Top News

Backyard birdwatching: How to enjoy nature with kids while staying at home

Try using natural materials and items you have around your home to make a DIY birdfeeder.
Try using natural materials and items you have around your home to make a DIY birdfeeder. - Gina Bell


Since my family has been staying home more due to COVID-19 restrictions, I have been constantly looking for new ways to entertain my boys and get them outside. I’m also always looking for ways to squeeze in a bit of learning, so the idea of backyard birdwatching is really interesting to me.

I’m not an expert in birdwatching, but I think this works in my favour because it is something my boys and I can explore and learn about together. Online research is a good starting point for amateur birdwatchers, but getting outside and making observations is what is going to get kids interested.

To set the stage for backyard birdwatching, it’s a great idea to try and attract birds to your home. You can attract birds naturally (e.g. hanging baskets of brightly-coloured flowers to attract hummingbirds), or you can put out birdfeeders to attract a variety of wild bird species. Just remember to keep feeders clean and avoid substances (like food colouring and sweeteners) that can be harmful to birds.

Make your own backyard birdfeeder in a few simple steps.
Make your own backyard birdfeeder in a few simple steps.

You can also spend some time making DIY birdfeeders using natural and recycled materials. Recently, my youngest son and I made simple heart-shaped birdfeeders to show our feathered friends a little love. We started by cutting heart shapes from stale bread using a cookie cutter. Then, we put holes in the bread with a straw and strung the hearts on pieces of twine. We finished the bird feeder ornaments by covering the bread in peanut butter and covering the peanut butter with bird seed. We hung the ornaments on the branches of a tree in our yard.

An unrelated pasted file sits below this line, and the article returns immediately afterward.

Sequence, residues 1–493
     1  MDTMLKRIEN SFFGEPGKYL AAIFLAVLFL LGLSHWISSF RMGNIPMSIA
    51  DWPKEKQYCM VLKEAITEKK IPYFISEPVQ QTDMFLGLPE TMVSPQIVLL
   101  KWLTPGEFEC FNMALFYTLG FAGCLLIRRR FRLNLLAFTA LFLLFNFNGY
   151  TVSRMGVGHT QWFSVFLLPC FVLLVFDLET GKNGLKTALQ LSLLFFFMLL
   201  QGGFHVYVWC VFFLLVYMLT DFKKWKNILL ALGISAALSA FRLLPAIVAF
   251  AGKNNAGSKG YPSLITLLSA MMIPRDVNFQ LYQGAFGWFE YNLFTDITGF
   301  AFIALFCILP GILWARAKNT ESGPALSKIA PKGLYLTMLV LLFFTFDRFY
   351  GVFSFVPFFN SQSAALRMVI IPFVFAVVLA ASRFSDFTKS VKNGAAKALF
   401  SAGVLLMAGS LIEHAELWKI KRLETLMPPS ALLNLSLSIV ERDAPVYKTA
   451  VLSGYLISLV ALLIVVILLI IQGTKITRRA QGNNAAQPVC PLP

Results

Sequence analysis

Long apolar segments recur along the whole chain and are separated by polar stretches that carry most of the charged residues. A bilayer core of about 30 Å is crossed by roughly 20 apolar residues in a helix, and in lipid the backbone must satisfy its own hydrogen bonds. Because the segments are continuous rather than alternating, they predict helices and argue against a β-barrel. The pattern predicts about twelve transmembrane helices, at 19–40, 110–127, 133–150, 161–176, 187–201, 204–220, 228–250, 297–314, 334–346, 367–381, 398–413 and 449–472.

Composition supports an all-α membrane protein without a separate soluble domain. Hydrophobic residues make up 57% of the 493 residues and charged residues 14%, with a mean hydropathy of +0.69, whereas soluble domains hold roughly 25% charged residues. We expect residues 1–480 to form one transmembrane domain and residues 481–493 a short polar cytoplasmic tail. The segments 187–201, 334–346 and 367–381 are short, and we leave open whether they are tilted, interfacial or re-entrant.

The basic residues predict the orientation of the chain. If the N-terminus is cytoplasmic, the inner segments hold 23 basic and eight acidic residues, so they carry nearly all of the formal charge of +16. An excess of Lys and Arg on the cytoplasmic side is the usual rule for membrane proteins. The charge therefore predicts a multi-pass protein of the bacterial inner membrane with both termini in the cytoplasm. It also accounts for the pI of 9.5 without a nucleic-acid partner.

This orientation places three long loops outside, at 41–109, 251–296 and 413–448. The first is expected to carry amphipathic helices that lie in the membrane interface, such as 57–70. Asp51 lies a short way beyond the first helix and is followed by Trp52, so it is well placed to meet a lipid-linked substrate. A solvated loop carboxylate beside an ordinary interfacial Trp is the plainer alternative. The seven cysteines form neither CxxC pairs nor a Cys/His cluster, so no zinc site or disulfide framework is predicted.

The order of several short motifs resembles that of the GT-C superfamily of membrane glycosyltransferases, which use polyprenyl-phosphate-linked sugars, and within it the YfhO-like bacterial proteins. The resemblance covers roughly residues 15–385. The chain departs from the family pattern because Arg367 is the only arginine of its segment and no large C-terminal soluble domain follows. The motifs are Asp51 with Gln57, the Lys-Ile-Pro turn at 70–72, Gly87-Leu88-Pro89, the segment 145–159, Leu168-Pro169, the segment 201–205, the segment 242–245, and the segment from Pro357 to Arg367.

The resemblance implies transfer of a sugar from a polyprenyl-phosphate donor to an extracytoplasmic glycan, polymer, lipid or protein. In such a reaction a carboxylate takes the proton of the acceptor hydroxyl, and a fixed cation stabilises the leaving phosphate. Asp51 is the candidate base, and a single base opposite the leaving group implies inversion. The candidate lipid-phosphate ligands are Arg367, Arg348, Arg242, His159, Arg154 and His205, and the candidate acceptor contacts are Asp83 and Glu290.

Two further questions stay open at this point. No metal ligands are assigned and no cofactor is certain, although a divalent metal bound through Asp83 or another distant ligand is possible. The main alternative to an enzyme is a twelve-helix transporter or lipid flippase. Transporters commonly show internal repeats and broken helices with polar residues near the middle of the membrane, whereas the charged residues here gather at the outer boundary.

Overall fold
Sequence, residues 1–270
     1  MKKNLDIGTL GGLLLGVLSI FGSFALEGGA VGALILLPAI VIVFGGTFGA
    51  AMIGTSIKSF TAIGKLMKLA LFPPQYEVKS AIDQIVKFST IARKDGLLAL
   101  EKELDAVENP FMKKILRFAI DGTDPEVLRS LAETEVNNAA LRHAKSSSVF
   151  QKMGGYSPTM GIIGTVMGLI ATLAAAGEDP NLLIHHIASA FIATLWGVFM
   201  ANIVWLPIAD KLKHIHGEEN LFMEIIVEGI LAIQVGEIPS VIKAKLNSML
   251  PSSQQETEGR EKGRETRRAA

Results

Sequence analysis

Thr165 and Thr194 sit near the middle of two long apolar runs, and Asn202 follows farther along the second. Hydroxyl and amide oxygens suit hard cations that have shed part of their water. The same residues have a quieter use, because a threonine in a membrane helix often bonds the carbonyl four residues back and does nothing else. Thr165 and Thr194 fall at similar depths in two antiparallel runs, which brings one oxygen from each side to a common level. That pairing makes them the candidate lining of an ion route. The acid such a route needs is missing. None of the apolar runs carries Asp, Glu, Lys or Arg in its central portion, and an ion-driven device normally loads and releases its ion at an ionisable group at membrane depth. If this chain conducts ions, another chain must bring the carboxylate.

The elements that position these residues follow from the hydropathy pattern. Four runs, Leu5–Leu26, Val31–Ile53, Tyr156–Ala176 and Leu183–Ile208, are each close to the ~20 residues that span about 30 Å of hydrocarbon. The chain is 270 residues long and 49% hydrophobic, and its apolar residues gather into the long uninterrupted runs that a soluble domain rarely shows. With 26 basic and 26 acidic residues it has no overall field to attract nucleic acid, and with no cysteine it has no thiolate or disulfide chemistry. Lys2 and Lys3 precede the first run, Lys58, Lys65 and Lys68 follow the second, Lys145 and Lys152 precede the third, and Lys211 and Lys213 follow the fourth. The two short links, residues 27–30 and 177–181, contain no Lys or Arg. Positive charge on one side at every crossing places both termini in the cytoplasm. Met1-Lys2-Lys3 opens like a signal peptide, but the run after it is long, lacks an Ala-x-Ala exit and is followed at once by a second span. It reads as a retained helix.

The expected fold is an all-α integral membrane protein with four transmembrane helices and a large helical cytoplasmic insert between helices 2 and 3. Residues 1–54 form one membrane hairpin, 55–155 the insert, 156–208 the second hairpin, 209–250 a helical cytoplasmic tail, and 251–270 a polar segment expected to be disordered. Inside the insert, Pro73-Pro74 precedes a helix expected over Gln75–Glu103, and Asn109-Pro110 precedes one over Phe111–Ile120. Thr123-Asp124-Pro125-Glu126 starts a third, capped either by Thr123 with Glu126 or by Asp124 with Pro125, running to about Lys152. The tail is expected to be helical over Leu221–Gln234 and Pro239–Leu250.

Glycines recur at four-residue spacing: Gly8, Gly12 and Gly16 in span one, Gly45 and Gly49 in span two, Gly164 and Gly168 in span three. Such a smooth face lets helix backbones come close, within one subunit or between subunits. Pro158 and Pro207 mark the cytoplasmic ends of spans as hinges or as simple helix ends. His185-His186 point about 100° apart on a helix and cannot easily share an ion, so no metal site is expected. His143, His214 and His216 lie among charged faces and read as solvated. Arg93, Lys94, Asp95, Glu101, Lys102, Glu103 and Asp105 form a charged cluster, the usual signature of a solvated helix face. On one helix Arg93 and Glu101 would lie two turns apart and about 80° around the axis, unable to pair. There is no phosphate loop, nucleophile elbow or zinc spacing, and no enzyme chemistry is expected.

Give the birds a little love with these simple DIY bird feeders. Use stale bread, peanut butter and seeds to create them.
Give the birds a little love with these simple DIY bird feeders. Use stale bread, peanut butter and seeds to create them.

Making bird houses is also fun. Bird houses can be built with wood and nails (if you have the skills), or you can buy pre-made versions and spend your time painting and decorating. You can also cut openings in milk cartons and jugs to make simple recycled versions.

Making a game out of birdwatching is another easy way to get kids engaged. How fun would it be to set up a backyard birdwatching safari? Pictures of different types of birds can be attached to trees in a neighbourhood or on a trail. Then, kids can be given clipboards containing matching pictures, and they can start their search. To make it into a fantastic educational activity, you can include names and facts about each of the birds. 

Print this image and bring it with you! 

For a quick activity, I made a simple birdwatching scavenger hunt for my boys using generic items like “a black bird”, “a bird house” and “a nest”. If you wanted to invest more time, you could print a comprehensive field checklist for your area, and work hard identifying a wide variety of species. We found a wonderful listing of all the birds of Nova Scotia at www.nsbirdsociety.ca.

Having the right tools is also key. Binoculars are very useful for observing wildlife, and a camera is really helpful for documenting sightings. Keeping a journal detailing finds and observations is also fantastic.

During this crazy and uncertain time, embracing nature is a wonderful way to relax and improve mental health. Birdwatching is an educational, fun, and relaxing activity that the whole family can enjoy together.

Gina Bell also writes the East Coast Mommy column. Follow her blog or contact her at eastcoastmommy@gmail.com

RELATED:

Did this story inform or enhance your perspective on this subject?
1 being least likely, and 10 being most likely

Recent Stories